The obvious parallel is to the US elections. Trump is a horrible person who lacks ethical plans that people still support because they feel he is the only way. Blinded by sentiment and lacking even an ounce of optimism, they believe that getting a destructive force is better than a decaying one.

I've crossed and spoilered out the following section, because it's all doomsaying and really no better than anyone else. I feel still that I must leave it up, in the spirit of being honest and open about my thoughts, so please take the following understanding that I'm aware (and somewhat ashamed) of it.

Personal opinion time:

It's all very easy for to want to feel like revolutionaries. It's all very easy to not give a damn about the next generation studying, trying to build careers, about those who will grow up in a world increasingly lacking resources, and all the while the older ones judge them and label them as the worst in terms of music, culture, attitude, the whole freaking shebang. Here is the complete lack of concept of being conservative and having the decency to pass options along.

Currently: "I know the economy's doing bad! It's just a temporary thing! We took the short term pain for the long term stability!"

In the future: "I know the economy's doing bad! It's all the fault of the EU who are pressuring us! We were right to leave! What to do about now? I don't know, we had it better because we worked harder unlike you lot! I'm retired so none of my business lol"

I know that the banks are corrupt. I know the government's corrupt. But dammit, that is not a good enough reason to end everyone. It's folly to think that you can escape unscathed, and it will be more stupid folly when they deflect the responsibility away from themselves.

It's all about deflecting responsibility, isn't it? We would rather let someone else destroy it all than try to fix the system. Fixing is too hard. Doing things the slow way is too hard. Iterations of policy improvement is too hard. No, we just press the reset button and hope the circuits don't fry.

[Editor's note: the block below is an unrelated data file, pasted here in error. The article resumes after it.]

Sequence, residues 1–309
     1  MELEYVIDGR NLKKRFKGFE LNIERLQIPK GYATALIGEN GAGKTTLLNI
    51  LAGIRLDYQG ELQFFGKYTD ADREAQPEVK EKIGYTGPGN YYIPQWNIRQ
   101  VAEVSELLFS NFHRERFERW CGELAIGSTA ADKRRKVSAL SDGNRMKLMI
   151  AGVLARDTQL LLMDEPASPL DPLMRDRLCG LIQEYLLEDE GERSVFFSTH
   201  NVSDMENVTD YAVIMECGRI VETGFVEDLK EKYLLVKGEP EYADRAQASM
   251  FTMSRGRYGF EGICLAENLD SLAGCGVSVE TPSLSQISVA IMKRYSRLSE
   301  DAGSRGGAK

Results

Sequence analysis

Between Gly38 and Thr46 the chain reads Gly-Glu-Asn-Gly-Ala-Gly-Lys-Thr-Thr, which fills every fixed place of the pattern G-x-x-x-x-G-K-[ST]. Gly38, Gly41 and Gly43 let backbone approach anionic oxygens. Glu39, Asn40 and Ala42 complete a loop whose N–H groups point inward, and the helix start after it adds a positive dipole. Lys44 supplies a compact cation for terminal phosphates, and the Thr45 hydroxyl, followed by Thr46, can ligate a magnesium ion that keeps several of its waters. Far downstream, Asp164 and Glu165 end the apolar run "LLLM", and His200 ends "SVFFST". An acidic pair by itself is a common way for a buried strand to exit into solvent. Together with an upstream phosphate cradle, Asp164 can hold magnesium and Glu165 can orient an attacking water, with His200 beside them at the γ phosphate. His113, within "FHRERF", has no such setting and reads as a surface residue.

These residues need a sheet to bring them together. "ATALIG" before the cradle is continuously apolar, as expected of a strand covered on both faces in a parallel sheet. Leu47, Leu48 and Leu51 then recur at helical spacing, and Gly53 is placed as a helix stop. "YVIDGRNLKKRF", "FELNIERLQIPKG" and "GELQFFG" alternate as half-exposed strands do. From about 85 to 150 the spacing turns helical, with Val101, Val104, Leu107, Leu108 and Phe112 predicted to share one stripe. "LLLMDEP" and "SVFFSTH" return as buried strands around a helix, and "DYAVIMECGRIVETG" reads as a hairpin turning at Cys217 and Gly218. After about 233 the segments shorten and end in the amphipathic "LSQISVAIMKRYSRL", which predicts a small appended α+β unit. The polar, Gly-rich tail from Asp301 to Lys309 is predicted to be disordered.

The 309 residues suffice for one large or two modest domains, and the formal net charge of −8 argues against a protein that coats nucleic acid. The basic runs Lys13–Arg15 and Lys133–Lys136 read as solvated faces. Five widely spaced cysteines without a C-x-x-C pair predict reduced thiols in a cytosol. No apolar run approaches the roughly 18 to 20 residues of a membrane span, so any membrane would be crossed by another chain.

Learning the truth is too hard. Learning the facts and figures and mechanisms in place is complex, yes, and not impossible, but it's too hard. We would rather surge with emotion and feeling and pithy yet pitifully inaccurate slogans than make an educated decision.

I get it. I know that it's hard to trust the powers that be any more. But dammit you're no better, and much more clueless. Because for all their evils, they can exercise their evils because they have the power that comes from knowledge. And knowledge is needed to operate the system.

Yes, the UK government has up till now housed pedophiles and - notably - blamed a lot of its problems on the EU it has now tried to support. It's tried to play both sides. They should be punished, but the consequence of that punishment should not be a crippling of your own economy. And if you say "well I voted for Leave because these guys who support it now told me they're the cause of our problems before" - at least have the decency of not acting as if you were somehow enlightened. You are admitting that you fell to petty deflection that you yourself didn't even believe in, because now you're taking it out as some sort of excuse.

Notable Bits

The referendum is non-binding. It's just a show of what the people want.

Of course, to ignore the will of the people is political suicide. It's basically saying you're undemocratic. So every party will be working to this end, because if you don't you are unrepresentative (and I agree with this).

There is the possibility of someone trying to weasel their way out and say that the split of 52-48 is not enough to form a mandate. There is also the possibility of the Queen reinstating absolute monarchy. Both of these are extremely tiny.

One of the main reasons the EU was formed was to keep Europe from going to war over each other. This is not implying that European countries will go to war should the EU break up.

Really, the only thing is to wait and see. Not just months, but years, to see if the economy recovers, if Britain will rise or fall due to trade and immigration, if this signals the end of the EU. It's emotional to form an opinion so quickly, especially when it's nowhere near me, but it lines up to my current frustrations and blah.

Comments ( 3 )
Author Interviewer

Do what I do and game the system by having no funds at all! :D Here's to the restored monarchy!

One thing to note: article 50 allows for the negotiation period to be extended if all parties agree. It is likely that this will be the first item on the agenda when negotiations commence.

4046849 Could that be used to stall the process long enough for a second referendum to be held, or would that be politically impossible?

Login or register to comment